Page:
Skip to content
New issue

Have a question about this project? Sign up for a free GitHub account to open an issue and contact its maintainers and the community.

By clicking “Sign up for GitHub”, you agree to our terms of service and privacy statement. We’ll occasionally send you account related emails.

Already on GitHub? Sign in to your account

cmd/compile: strange performance difference between two implementations #49785

Open
go101 opened this issue Nov 24, 2021 · 4 comments
Open

cmd/compile: strange performance difference between two implementations #49785

go101 opened this issue Nov 24, 2021 · 4 comments

Comments

@go101
Copy link

@go101 go101 commented Nov 24, 2021

What version of Go are you using (go version)?

$ go version
go version go1.17.3 linux/amd64

Does this issue reproduce with the latest release?

Yes

What did you do?

package pointers

import "testing"

const N = 10000

type T struct {
	x int
}

//go:noinline
func f(t *T) {
	t.x = 0
	for i := 0; i < N; i++ {
		t.x += i
	}
}

//go:noinline
func g(t *T) {
	var x = 0
	for i := 0; i < N; i++ {
		x += i
	}
	t.x = x
}

func Benchmark_f(b *testing.B) {
	var t = &T{}
	for i := 0; i < b.N; i++ { f(t) }
}

func Benchmark_g(b *testing.B) {
	var t = &T{}
	for i := 0; i < b.N; i++ { g(t) }
}

What did you expect to see?

Similar performances.

What did you see instead?

goos: linux
goarch: amd64
pkg: example.com
cpu: Intel(R) Core(TM) i5-4210U CPU @ 1.70GHz
Benchmark_f-4   	   48352	     24403 ns/op
Benchmark_g-4   	  292581	      3956 ns/op

I checked the generated assembly instructions. Yes, they are different, but the complexities are similar. So it is some strange that the performance difference is so large.

@randall77
Copy link
Contributor

@randall77 randall77 commented Nov 24, 2021

The inner loop in f still has writes in it, which is probably why it is slower than g (whose inner loop is completely in registers).

To fix this I think we'd have to promote t.x from memory to register somehow. That seems pretty challenging.
(If the loop were unrolled it might get much of that effect automatically.)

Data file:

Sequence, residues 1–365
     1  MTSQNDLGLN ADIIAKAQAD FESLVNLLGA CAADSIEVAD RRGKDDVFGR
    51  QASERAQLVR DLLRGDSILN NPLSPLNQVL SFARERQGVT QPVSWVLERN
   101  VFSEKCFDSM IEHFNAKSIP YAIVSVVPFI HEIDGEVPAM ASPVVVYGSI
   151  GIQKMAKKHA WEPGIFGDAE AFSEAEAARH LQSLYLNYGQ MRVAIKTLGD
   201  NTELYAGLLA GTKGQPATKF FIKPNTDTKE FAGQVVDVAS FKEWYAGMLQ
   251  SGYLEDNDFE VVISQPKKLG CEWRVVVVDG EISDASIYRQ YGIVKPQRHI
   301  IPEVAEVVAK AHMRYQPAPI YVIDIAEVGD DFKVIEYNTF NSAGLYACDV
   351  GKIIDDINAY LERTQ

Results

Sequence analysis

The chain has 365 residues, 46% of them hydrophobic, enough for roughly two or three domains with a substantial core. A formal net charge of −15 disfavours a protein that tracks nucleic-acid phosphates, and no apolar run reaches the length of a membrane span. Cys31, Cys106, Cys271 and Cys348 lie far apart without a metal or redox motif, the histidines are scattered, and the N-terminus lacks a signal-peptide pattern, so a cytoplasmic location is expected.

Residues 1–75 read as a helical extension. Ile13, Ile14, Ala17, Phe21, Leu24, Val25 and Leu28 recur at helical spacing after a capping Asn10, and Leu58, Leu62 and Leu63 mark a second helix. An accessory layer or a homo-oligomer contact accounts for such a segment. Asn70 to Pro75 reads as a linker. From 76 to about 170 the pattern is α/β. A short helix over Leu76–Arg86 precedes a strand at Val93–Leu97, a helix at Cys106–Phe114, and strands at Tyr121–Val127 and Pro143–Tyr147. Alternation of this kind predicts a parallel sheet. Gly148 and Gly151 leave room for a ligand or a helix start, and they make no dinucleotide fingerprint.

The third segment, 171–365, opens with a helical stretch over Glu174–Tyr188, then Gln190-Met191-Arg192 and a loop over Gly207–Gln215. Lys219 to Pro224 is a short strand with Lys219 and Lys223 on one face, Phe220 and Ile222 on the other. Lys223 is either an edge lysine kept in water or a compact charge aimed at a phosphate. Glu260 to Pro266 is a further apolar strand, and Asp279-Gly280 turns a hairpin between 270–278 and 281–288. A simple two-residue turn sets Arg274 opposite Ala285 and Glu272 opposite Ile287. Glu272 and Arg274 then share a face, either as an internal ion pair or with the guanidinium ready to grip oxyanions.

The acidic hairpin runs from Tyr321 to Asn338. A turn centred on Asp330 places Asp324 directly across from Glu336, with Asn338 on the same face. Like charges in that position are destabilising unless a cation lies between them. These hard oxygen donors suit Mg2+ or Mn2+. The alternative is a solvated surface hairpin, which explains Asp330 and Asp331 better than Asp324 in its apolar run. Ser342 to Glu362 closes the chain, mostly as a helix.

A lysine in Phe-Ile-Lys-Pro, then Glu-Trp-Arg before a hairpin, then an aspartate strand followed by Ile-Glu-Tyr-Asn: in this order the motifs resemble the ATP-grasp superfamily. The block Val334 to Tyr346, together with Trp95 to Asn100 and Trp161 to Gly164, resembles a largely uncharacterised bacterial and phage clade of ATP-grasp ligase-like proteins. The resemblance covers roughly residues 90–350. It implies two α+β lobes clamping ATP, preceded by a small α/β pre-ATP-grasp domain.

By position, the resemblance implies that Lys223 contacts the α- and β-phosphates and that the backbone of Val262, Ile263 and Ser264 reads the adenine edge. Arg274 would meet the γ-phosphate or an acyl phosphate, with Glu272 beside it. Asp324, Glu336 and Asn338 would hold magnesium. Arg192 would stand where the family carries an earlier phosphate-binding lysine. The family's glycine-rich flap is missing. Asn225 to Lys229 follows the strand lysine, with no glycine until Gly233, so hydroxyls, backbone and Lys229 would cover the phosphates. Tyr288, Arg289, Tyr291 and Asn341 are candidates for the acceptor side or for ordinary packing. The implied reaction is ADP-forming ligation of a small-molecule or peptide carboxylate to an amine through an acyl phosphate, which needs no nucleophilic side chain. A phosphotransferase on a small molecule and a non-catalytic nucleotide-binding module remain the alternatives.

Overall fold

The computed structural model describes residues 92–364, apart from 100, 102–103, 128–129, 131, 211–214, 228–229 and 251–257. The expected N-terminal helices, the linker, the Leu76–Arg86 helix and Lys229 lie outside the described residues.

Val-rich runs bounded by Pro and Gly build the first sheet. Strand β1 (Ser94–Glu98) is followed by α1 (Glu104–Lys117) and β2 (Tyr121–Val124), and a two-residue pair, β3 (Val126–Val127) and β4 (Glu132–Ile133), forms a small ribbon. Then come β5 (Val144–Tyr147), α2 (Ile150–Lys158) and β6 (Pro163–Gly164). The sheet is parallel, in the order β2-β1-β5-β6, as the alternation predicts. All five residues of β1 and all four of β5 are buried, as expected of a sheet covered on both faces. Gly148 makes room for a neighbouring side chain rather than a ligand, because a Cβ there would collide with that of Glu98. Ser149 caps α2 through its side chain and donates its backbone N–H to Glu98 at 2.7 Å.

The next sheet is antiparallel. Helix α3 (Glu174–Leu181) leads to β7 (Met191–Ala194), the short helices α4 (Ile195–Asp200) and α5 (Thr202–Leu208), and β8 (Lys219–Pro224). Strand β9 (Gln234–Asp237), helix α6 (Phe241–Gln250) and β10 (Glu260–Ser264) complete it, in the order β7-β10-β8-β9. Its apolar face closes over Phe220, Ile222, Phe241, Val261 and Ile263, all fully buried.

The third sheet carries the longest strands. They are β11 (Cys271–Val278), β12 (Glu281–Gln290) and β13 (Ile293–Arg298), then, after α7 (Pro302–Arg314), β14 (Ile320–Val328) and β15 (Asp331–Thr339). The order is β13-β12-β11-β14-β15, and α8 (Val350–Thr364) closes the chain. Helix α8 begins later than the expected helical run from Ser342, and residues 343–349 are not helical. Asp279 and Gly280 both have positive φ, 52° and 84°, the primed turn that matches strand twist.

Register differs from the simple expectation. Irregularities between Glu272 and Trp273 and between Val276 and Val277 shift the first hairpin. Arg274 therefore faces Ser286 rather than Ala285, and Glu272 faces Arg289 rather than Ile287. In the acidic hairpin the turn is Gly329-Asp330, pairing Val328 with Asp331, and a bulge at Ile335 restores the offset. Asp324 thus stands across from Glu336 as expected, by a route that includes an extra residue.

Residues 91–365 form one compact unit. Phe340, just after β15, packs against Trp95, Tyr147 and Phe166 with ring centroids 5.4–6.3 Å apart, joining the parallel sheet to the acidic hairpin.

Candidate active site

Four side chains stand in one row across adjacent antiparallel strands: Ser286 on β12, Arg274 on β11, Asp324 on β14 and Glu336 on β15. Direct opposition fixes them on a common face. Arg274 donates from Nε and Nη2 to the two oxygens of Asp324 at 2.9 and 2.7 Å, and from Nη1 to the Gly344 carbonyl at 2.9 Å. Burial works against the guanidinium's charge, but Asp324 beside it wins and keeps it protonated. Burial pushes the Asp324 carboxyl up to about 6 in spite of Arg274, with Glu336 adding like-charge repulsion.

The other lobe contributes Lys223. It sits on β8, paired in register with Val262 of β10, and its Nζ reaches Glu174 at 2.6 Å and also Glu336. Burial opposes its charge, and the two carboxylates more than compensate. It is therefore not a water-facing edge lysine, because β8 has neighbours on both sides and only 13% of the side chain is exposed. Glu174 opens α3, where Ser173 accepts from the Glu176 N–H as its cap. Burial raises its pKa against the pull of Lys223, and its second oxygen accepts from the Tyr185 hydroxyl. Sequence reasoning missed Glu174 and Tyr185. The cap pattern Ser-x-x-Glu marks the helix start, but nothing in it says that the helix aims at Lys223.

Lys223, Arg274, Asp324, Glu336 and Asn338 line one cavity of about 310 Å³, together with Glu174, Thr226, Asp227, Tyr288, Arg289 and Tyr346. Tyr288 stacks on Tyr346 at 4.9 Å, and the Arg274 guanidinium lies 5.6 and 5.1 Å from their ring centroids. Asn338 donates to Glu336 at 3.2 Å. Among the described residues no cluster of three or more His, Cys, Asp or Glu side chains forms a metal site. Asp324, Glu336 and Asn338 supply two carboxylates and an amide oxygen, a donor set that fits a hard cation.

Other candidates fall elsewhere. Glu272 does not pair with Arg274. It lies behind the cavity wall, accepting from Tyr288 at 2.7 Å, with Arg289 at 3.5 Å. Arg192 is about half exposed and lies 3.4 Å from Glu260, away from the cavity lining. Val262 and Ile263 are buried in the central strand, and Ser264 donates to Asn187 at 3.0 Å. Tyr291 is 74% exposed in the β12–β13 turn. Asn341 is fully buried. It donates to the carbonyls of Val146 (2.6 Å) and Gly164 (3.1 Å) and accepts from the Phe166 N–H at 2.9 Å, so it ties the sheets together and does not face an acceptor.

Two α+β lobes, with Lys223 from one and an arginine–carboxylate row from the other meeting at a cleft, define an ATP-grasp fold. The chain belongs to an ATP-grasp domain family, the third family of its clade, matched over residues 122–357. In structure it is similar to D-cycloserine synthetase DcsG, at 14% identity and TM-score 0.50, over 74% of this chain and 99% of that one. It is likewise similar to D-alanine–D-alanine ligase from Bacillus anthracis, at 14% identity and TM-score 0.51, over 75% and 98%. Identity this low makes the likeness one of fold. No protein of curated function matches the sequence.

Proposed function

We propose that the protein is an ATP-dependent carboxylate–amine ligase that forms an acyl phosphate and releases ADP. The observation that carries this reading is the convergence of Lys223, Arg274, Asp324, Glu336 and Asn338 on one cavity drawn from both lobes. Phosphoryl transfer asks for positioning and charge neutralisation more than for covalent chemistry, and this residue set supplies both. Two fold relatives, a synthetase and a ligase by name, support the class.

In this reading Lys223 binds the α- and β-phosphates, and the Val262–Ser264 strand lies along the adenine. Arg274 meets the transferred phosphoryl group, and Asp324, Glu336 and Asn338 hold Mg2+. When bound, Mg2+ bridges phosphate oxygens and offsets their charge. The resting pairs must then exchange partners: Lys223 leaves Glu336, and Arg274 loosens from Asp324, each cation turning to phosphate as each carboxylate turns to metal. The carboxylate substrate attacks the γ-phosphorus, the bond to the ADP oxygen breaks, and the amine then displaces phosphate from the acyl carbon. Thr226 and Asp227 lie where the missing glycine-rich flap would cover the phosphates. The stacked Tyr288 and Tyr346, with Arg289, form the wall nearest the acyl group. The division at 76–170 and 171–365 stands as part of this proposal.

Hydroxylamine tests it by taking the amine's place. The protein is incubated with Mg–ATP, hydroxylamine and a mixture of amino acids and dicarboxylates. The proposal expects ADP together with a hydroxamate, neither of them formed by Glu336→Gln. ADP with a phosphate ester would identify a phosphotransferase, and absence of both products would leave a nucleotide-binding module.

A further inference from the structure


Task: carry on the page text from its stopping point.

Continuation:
Loading

@go101
Copy link
Author

@go101 go101 commented Nov 25, 2021

The problem also exists for reads:

package pointers

import "testing"

const N = 1000
var a [N]int
var r int

//go:noinline
func g1(a *[N]int) int {
	var r int
	_ = *a
	for i := range a {
		r += a[i]
	}
	return r
}

//go:noinline
func g0(a *[N]int) int {
	var r int
	for i := range a {
		r += a[i]
	}
	return r
}

func Benchmark_g1(b *testing.B) {
	for i := 0; i < b.N; i++ { r = g1(&a) }
}

func Benchmark_g0(b *testing.B) {
	for i := 0; i < b.N; i++ { r = g0(&a) }
}
Benchmark_g1-4   	 2178316	       556.8 ns/op
Benchmark_g0-4   	 1949654	       611.8 ns/op

Loading

@go101
Copy link
Author

@go101 go101 commented Nov 25, 2021

It looks the read case is different from the write case. The compiler generates one more instruction TESTB AL, (AX) for the g0 function in the read case.

Loading

@randall77
Copy link
Contributor

@randall77 randall77 commented Nov 25, 2021

@go101 In your example it's just that the nil pointer check is outside the loop in g1 but inside the loop in g0. We'd need to lift the nil check out of the loop to make them the same speed. Which I believe is #41666.

Loading

@seankhliao seankhliao changed the title cmd/compile: strange performacne difference between two implementations cmd/compile: strange performance difference between two implementations Nov 25, 2021
Sign up for free to join this conversation on GitHub. Already have an account? Sign in to comment
Projects
None yet
Linked pull requests

Successfully merging a pull request may close this issue.

None yet
3 participants